Today, Proulx, 80, is a literary titan whose novels include The Shipping News (1993), which won the Pulitzer Prize and the National Book Award for Fiction. She may be best known for her short story “Brokeback Mountain,” which was originally published in The New Yorker in 1997 and begat an Oscar-winning film as well as an opera for which Proulx wrote the libretto.
Now based outside Seattle, Wash., Proulx was enrolled in the doctoral program in history at Sir George Williams University — where she earned her master’s degree — when the institution merged with Loyola College to become Concordia in 1974. She would return to the university in 1999 to receive an honorary doctorate.
Proulx was named one of the university’s 40 Great Concordians in 2014.
Her recently published bestselling historical novel Barkskins has been universally hailed as a masterpiece. She recently made appearances in eastern Ontario at the Kingston WritersFest and The Writers Festival in Ottawa.
Proulx reflects on her career and her time at Concordia.
Your grandfather was a French Canadian who moved to New England. Canada seems to play an important recurring role in your life, from your time at Sir George Williams University (now Concordia) in Montreal to Newfoundland, the setting of The Shipping News. What is it you love and enjoy about Canada?
Annie Proulx: “My father’s father, Ovila Peter Proulx, born in St. Luc [Que.] in 1885, moved to Connecticut in New England to work in the cotton mills and became a naturalized citizen in 1910.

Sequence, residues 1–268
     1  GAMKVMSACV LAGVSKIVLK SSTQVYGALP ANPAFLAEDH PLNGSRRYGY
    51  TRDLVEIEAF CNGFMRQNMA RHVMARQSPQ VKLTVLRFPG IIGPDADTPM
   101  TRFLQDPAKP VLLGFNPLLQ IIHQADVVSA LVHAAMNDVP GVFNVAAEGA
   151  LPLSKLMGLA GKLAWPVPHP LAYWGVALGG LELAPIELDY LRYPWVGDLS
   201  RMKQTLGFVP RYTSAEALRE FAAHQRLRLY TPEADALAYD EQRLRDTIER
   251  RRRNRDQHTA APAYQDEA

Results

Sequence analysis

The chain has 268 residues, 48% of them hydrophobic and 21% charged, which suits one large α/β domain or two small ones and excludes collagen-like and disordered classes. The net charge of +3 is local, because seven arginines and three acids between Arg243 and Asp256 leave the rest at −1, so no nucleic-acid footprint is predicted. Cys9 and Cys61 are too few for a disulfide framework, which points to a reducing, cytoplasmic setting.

Yes, Canada has played ‘an important recurring role’ in my life. Canada has always felt like my real home in many ways. Impossible to explain my feelings for the country, but in part it attracts me because it feels un-ruined, because the past seems more graspable, the historic event more palpable, the frisson of knowing my ancestors were there, hacking away at the trees.
The frantic snatching at the new chance, every new area of exploitation that characterizes life in the United States these days seems not so omnipresent in Canada. Sometimes I catch the sense of a gauzy curtain of thoughtful reflection in the affairs of Canadians, which indicates to me that more observation and thinking goes on here than south of the border.
But there is also a ravelly thread of sadness which I cannot explain.”
Barkskins is being hailed as your crowning masterpiece. Why were you compelled to write it?